On this day in Film History: First Knight (1995)

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On this day in film history, First Knight, another retelling of the story of King Arthur, was released into theaters. While King Arthur (2004), abandoned tradition and attempted to tell the story in a new way, First Knight (1995) follows the story a little more closely (we have Camelot, knights in shining armor, Guinevere is a traditional princess, etc.)

First Knight Trailer (1995)

Set in Camelot, the story begins when King Arthur (Sean Connery) declares that it’s time he got married. Guinevere (Julia Ormond), the ruler of the nearby land of Lyonesse, agrees to marry Arthur out of a sense of duty (and also to help protect her realm from a marauding former knight). Along the way, she is saved from an ambush by the handsome Lancelot (Richard Gere), who promptly falls in love with her, despite her protests that she is intended for King Arthur.

Guinevere and Arthur marry, and after proving his worth several times, Lancelot is invited to become a Knight of the Round Table (in spite of multiple protests from other knights and Guinevere herself). Lancelot’s love for the queen continues, though he finally realizes that she can’t be his, so he makes plans to leave Camelot forever. And it’s just then, when they share ONE kiss together, that Arthur catches them. Believing the worst, both are put on trial for their lives, but before sentence can be passed, the marauding knight appears with an army of followers and an all-out battle ensues. The day is won, but Arthur is mortally wounded as a result. Before he dies, he commends the care of Camelot (and Guinevere) to Lancelot, presumably leaving him as the new King.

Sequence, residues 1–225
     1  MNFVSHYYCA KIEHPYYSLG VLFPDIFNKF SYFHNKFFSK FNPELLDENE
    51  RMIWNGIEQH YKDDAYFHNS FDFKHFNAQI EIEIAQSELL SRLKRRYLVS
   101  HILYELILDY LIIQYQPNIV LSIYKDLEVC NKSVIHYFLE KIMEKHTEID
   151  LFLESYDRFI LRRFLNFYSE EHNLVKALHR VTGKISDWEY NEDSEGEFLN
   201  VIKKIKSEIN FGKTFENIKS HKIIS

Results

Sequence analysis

The critically acclaimed score for this film was composed by none other than Jerry Goldsmith, and he was actually hired as a last-minute replacement. The composer was meant to be Maurice Jarre (known for Doctor Zhivago), but upon being told that he would have only four weeks to compose and record 90 minutes of music, he realized that he would not be able to do it and withdrew, leaving Goldsmith with a short amount of time to put the score together.

I’ve seen clips of this film in the past and it looked really well put together, Sean Connery makes a great King Arthur, and Julia Ormond is a beautiful Guinevere. That’s all I’ve got for today, enjoy the rest of Thursday! -Bex

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*poster image is the property of Columbia Pictures

 

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